"Yes, those were different challenges, especially in my mind," Abreu said through an interpreter. "I never in my life experienced some of the kind of struggles like I did last year. But that put me in a better position as a player, as a person too. I'm in a better position now for this season because I learned from the experience."

In spite of his struggles, Abreu was still a league average player through the first four months of the season. But the 2014 All-Star hardly resembled the player who produced a 153 OPS-plus over his first two seasons. His timing was off and Abreu — hitting .269/.325/.413 with 11 homers and 56 RBIs through July 30 — wasn't driving the ball as he typically had in his first two seasons, when he smacked 66 homers.

Abreu was lost at the plate and nobody could figure out why.

But after the arrival of his son, Dariel, who visited him for the first time since he moved to the United States, Abreu took off. He hit .338/.402/.568 the rest of the season with 14 homers and 44 RBIs in 249 trips to the plate.

"Right after last season ended, I had my meeting at my house with my family, just to explain to them how the season was because they know about baseball," Abreu said. "But sometimes they can't register how the process is in a season as long as the major league season is. We talked about it. I explained to them all of the challenges, the problems I had during that season. Once we ended with that meeting, last season was in the past. We moved on and we were trying just to figure out things and how can I do better for this season."

Now in his fourth season in the majors, Abreu has a firm grasp on how the White Sox operate and likes some of the team's modifications. He likes how Renteria thoroughly communicates what he has in mind for the club. Abreu also enjoys being seen as one of the team's leaders and wouldn't mind being a mentor to prized prospect Yoan Moncada.

Now he hopes to carry over his strong finish to the start of the 2017 campaign.

"I'm working on it," Abreu said. "That's one of my goals. Everybody knows that at the beginning of last season, I wasn't performing good. It was kind of a surprise for me, too. But I'm in good shape right now and I believe I will be able to succeed."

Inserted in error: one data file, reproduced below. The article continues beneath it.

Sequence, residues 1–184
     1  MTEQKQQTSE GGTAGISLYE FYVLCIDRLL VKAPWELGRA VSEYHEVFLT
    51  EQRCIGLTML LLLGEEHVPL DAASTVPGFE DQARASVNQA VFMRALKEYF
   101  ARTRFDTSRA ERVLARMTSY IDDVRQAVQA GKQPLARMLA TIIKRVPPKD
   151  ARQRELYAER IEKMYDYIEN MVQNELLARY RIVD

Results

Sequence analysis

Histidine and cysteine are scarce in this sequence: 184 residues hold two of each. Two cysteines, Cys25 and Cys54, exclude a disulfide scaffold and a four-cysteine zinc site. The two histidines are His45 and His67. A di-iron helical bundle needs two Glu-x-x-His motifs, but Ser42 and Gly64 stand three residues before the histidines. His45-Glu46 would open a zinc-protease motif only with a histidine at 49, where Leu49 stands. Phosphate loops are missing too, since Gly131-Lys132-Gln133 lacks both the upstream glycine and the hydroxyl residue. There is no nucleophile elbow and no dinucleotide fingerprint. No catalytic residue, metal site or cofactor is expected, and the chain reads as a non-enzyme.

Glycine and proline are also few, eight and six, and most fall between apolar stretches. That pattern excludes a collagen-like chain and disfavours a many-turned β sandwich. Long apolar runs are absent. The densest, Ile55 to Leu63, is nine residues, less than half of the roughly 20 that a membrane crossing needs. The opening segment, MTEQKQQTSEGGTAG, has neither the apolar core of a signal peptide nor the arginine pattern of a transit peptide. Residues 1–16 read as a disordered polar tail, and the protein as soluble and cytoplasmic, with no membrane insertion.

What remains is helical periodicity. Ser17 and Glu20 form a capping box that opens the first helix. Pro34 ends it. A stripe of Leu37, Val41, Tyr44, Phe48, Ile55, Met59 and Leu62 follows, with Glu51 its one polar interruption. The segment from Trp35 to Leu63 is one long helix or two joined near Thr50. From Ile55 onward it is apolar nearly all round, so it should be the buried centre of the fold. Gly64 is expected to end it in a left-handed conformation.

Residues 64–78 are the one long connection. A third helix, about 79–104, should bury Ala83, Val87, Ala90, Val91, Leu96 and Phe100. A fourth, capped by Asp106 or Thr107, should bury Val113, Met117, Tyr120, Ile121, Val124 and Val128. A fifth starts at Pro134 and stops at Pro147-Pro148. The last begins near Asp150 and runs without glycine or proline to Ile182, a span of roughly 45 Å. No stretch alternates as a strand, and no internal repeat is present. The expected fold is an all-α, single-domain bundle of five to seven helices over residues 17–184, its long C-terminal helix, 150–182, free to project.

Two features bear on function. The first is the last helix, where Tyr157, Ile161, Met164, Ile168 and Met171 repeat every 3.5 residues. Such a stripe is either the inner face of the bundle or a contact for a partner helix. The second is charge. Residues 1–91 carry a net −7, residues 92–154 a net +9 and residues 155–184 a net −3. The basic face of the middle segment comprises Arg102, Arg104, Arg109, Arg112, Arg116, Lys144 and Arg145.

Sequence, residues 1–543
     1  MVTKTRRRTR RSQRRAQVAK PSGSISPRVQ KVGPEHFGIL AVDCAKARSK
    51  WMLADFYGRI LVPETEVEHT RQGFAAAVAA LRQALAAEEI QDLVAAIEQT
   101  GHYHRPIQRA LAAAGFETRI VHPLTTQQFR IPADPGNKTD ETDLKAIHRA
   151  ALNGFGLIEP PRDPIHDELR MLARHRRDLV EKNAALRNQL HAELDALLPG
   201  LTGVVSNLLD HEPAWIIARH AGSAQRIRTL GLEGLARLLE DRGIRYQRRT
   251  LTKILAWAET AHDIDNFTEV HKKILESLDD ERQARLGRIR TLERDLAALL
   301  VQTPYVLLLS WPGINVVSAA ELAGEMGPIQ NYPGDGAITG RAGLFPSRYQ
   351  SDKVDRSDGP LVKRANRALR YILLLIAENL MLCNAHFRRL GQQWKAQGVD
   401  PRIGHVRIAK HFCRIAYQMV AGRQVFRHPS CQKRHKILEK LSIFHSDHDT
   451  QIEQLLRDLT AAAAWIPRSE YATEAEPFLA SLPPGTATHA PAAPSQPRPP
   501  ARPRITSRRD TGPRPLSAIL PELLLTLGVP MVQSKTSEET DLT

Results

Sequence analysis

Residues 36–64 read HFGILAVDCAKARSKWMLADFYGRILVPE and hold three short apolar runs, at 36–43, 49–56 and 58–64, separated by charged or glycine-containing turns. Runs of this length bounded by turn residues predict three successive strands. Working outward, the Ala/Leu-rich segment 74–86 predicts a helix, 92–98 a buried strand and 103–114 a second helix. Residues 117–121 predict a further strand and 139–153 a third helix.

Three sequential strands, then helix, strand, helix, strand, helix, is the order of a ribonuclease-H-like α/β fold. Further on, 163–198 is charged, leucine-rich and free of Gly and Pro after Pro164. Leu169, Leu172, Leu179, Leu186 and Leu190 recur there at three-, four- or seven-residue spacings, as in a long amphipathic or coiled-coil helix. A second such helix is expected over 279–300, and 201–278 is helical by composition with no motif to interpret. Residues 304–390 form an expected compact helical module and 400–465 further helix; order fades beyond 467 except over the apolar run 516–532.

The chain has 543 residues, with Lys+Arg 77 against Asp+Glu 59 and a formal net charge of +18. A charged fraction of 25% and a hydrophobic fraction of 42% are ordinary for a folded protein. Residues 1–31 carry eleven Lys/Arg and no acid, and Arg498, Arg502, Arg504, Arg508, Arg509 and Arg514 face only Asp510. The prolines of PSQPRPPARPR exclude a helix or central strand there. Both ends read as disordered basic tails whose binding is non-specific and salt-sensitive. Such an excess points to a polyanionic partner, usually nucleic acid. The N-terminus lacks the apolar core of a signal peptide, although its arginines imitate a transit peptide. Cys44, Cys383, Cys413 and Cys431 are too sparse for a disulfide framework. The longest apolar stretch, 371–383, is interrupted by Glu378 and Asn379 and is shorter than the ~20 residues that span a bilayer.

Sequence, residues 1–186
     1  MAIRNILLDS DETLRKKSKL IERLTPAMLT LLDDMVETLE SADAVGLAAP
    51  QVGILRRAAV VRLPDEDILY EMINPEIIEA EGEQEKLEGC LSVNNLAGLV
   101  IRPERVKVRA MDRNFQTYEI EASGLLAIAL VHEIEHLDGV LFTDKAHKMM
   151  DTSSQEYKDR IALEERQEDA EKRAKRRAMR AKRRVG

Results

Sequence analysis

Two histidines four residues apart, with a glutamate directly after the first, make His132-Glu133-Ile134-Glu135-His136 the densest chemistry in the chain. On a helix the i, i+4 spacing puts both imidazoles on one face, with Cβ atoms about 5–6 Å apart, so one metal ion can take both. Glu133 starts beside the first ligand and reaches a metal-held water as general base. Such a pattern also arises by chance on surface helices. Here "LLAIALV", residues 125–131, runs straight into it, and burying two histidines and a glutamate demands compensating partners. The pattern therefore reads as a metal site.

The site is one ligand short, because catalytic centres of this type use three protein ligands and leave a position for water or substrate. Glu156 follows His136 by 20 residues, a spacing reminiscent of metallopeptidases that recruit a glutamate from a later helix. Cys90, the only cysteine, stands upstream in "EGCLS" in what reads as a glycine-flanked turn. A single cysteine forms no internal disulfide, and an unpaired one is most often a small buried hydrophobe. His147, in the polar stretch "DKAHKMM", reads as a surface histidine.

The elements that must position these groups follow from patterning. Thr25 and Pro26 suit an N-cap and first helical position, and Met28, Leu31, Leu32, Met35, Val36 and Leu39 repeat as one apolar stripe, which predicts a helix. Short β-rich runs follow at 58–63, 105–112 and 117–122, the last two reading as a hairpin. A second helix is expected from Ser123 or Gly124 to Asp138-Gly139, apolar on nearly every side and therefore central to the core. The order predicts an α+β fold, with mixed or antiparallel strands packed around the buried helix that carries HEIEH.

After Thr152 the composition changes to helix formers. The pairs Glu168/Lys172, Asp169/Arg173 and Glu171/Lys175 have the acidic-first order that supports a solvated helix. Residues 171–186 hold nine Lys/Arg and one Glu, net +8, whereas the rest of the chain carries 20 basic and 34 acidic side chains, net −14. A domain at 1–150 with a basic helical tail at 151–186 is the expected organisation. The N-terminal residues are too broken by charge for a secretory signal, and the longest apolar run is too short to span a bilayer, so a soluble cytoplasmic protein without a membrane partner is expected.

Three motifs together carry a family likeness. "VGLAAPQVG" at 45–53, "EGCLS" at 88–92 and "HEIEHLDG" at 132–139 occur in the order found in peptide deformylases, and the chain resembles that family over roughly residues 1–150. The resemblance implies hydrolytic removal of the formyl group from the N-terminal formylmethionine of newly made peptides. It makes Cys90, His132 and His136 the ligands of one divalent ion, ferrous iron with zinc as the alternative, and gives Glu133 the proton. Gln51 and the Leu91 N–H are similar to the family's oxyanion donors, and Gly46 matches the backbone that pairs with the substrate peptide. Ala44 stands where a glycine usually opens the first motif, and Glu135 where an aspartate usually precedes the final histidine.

White Sox rookie Charlie Tilson out at least 10 days with foot injury

White Sox rookie Charlie Tilson out at least 10 days with foot injury

GLENDALE, Ariz. -- The leading candidate to be the team’s starting center fielder, Charlie Tilson has been temporarily shut down after suffering a stress reaction in his right foot.

The White Sox rookie said Sunday that he noticed the injury gradually building up before he decided to stop his workout on Friday and headed for the training room. An MRI performed Saturday on Tilson -- who is rehabbing from a torn left hamstring that ended his 2016 season early -- revealed the reaction, which isn’t severe as a stress fracture. Given Tilson previously had a stress fracture in his right foot, the White Sox said he'll be sidelined from impact work for 10 days, at which point he’d be re-evaluated.

“It started very minimal, and I tried to work through it a little bit, and by the time I addressed Herm, thankfully I caught it before it was anything that would keep me out for too long,” Tilson said. “It’s a minor thing, and it will give my other leg a chance to get stronger in the meantime, and hopefully we’ll turn this negative into a positive.”

Tilson wouldn’t be surprised if his injury is related to overcompensating for his left leg, which he has worked tirelessly to rehab since he suffered the injury on Aug. 2 and then had season-ending surgery. Manager Rick Renteria described it as an “irritation” in the area where Tilson suffered a stress fracture in 2013. In the interim, the White Sox will test some of their other options in camp, including veteran Peter Bourjos and minor leaguers Adam Engel and Jacob May, among others.

“But we don’t foresee it to be a long-term issue,” Renteria said. “By being able to shut him down now, it’ll be something he’ll be able to recover from. We’ll just readjust his timetable.”

Minor as Tilson and the White Sox say it is, the outfielder admitted he’s down about having to deal with it after the progress he’d made in his rehab.

The White Sox acquired the New Trier High School product from the St. Louis Cardinals last July in exchange for left-hander Zach Duke. Tilson was immediately called up as the White Sox intended to try him out in center field the rest of the season. But he suffered a season-ending injury in his major league debut while tracking down a fly ball and had surgery several days later.

Tilson made enough progress to be a full participant in a hitter’s camp at Camelback Ranch last month. Earlier this week, White Sox general manager Rick Hahn said Tilson was a top candidate to take over as the club’s starting center fielder if he was healthy.

“I guess you could say I’m disappointed,” Tilson said. “But it’s a very minor setback and it’s part of the process. I had a major repair, and these things come up and hopefully we can minimize them as much as we can and hopefully this is the last one. But I’m just going to deal with it and do whatever I can to move forward.”